Written over seven years, The Classical Liberal Constitution is—says Richard Epstein, Laurence A. Tisch Professor of Law—a “lifetime summation.” Harvard University Press published his book last week, and on December 12, Epstein visited the Cato Institute, the Washington, DC-based libertarian think tank, where he discussed this achievement.
In his book, Epstein argues that both the conservative and progressive modes of constitutional interpretation make fundamental mistakes. On the one hand, he faults conservatives for a narrow-minded originalism; on the other hand, he blames progressives for espousing the idea of the “living Constitution.” As he wrote in his Defining Ideas column at the Hoover Institution, this has led to an overreaching “economic naiveté” and ill-advised anticompetitive measures. He writes that the antidote to both of these flawed ways of thinking is a classical liberal constitutional interpretation.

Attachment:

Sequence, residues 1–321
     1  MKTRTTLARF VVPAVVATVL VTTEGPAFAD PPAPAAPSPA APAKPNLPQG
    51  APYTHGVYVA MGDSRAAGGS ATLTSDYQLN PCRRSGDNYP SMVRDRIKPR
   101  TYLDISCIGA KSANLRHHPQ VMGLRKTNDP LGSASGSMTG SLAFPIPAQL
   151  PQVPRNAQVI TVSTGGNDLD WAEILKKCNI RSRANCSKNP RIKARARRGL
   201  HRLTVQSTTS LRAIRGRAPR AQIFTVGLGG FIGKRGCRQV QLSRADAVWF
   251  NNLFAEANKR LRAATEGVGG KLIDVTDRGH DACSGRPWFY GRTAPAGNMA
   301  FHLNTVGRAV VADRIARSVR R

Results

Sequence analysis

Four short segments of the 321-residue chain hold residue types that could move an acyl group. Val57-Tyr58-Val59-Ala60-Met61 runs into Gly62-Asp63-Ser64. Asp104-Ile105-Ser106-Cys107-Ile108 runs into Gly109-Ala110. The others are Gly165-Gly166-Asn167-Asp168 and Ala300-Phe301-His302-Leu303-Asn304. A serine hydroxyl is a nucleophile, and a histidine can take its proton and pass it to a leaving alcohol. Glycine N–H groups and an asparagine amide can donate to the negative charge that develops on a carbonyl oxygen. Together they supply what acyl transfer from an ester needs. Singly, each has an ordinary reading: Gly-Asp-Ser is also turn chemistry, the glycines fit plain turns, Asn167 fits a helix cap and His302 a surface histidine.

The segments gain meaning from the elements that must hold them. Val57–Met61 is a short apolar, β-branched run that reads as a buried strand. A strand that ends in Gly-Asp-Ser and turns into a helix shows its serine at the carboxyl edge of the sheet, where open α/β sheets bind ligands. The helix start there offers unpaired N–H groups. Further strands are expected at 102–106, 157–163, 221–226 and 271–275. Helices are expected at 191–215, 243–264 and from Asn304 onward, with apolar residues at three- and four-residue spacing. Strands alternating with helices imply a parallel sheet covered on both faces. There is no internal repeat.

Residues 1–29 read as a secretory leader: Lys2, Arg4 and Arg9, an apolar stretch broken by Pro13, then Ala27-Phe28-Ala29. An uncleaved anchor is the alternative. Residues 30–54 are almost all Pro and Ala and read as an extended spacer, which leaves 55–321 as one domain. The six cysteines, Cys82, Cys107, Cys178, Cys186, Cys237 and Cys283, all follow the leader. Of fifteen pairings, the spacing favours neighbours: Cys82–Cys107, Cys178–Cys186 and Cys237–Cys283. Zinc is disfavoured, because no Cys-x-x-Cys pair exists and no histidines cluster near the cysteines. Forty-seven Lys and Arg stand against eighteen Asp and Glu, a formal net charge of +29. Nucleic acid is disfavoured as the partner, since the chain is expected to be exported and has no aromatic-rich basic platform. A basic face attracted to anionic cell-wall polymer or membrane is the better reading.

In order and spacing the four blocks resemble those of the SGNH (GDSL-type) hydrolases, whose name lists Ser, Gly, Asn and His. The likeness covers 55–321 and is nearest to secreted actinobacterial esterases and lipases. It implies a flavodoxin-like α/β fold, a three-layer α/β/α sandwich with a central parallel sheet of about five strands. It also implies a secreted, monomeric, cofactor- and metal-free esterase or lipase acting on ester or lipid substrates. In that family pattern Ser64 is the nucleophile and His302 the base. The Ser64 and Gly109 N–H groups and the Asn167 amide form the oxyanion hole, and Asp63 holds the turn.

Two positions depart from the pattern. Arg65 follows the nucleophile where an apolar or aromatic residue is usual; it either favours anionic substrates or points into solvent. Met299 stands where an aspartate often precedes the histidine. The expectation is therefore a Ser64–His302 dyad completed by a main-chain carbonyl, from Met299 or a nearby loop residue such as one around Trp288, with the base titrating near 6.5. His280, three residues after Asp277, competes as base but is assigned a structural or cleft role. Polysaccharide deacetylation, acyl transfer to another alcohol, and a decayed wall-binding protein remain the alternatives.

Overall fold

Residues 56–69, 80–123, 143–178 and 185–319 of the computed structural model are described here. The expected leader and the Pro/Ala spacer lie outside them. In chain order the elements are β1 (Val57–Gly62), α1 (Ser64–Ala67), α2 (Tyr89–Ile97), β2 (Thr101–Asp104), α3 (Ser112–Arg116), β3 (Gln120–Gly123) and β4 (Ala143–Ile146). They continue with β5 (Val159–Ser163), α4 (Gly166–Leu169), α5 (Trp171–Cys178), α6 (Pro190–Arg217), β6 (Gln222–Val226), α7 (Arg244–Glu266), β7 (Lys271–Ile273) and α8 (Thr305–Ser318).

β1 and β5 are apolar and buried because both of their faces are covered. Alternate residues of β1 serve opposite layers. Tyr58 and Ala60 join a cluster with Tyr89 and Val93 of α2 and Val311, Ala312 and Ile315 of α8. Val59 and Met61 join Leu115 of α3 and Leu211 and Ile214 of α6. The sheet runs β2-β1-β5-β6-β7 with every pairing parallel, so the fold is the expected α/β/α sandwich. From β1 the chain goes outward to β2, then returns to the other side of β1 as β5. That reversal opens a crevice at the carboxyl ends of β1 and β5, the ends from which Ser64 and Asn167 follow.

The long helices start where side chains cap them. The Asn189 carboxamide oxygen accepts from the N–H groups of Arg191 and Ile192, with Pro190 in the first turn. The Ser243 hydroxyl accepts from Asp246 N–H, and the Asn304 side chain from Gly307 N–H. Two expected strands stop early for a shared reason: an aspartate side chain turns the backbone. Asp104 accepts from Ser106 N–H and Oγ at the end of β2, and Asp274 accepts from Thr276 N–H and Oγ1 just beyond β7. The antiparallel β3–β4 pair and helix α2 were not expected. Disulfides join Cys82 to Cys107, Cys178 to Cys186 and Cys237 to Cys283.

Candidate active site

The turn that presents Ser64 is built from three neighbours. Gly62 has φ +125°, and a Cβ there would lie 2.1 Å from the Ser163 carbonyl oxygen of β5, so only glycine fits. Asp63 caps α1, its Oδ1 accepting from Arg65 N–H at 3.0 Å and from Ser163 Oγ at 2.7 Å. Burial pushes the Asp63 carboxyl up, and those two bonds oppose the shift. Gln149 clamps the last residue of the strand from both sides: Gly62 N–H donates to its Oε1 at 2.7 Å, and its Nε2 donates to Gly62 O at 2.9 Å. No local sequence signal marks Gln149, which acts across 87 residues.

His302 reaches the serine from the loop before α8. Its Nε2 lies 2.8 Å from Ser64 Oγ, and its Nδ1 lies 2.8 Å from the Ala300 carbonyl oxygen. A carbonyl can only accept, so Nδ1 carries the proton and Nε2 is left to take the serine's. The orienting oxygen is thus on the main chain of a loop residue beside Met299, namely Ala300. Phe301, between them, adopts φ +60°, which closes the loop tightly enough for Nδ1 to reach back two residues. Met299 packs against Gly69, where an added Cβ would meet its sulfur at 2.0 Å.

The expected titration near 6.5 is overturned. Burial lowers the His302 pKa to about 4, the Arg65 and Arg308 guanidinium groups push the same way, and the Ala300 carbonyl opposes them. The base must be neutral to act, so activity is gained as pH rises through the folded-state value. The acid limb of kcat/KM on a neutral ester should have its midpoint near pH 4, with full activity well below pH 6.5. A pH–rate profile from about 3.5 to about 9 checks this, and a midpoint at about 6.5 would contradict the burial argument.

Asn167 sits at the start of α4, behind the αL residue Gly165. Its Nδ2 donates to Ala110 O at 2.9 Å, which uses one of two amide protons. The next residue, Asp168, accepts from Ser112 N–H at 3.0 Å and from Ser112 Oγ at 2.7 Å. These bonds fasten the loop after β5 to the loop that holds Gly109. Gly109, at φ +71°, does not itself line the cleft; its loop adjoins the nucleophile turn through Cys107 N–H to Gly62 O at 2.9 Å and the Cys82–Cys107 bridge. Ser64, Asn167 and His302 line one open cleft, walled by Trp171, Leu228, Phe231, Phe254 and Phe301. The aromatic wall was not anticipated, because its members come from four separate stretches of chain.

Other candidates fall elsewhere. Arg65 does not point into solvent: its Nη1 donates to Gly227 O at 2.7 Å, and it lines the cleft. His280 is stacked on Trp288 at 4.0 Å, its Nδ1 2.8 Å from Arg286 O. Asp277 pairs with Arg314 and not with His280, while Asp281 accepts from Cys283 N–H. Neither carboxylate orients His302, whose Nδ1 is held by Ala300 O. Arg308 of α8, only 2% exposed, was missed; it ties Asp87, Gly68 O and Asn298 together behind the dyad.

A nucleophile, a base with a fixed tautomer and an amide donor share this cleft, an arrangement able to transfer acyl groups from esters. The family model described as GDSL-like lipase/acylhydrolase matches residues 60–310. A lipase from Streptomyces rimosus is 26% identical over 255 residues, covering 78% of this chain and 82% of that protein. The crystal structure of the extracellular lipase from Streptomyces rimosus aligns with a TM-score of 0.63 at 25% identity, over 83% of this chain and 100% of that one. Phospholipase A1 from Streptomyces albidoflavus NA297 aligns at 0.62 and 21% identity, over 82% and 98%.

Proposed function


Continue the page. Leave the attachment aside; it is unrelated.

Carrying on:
A classical liberal framework, Epstein argues, has already shaped our understanding of certain aspects of the Constitution. One of them is the First Amendment and its protection of gestures under “free speech” and exclusion of acts that encourage violence.
Now with this new book, subtitled The Uncertain Quest for Limited Government, he makes the case that, seen through a classical liberal lens, the Constitution provides a more concrete economic blueprint than conservatives or progressives have previously recognized; the judiciary’s blindness to the document’s original emphasis on limited government and greater individual liberties, shown by its willingness to grant the legislative branch too much free rein on economic issues, explains our country’s current political and economic morass.
In September, Epstein launched the Classical Liberal Institute at NYU School of Law to study core conceptions of limited government and private property in a wide range of modern contexts including political and corporate governance, taxation, takings, intellectual property, and different forms of regulation.